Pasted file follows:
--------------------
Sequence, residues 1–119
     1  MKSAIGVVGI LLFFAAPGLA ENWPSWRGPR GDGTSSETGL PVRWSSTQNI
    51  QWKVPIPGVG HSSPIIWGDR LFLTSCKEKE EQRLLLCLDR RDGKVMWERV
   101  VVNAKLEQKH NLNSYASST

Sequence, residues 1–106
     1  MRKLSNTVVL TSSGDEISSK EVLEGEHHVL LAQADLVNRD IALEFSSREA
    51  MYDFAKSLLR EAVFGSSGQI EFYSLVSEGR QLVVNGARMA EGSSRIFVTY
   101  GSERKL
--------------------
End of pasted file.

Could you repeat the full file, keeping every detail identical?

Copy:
Sequence, residues 1–119
     1  MKSAIGVVGI LLFFAAPGLA ENWPSWRGPR GDGTSSETGL PVRWSSTQNI
    51  QWKVPIPGVG HSSPIIWGDR LFLTSCKEKE EQRLLLCLDR RDGKVMWERV
   101  VVNAKLEQKH NLNSYASST

Sequence, residues 1–106
     1  MRKLSNTVVL TSSGDEISSK EVLEGEHHVL LAQADLVNRD IALEFSSREA
    51  MYDFAKSLLR EAVFGSSGQI EFYSLVSEGR QLVVNGARMA EGSSRIFVTY
   101  GSERKL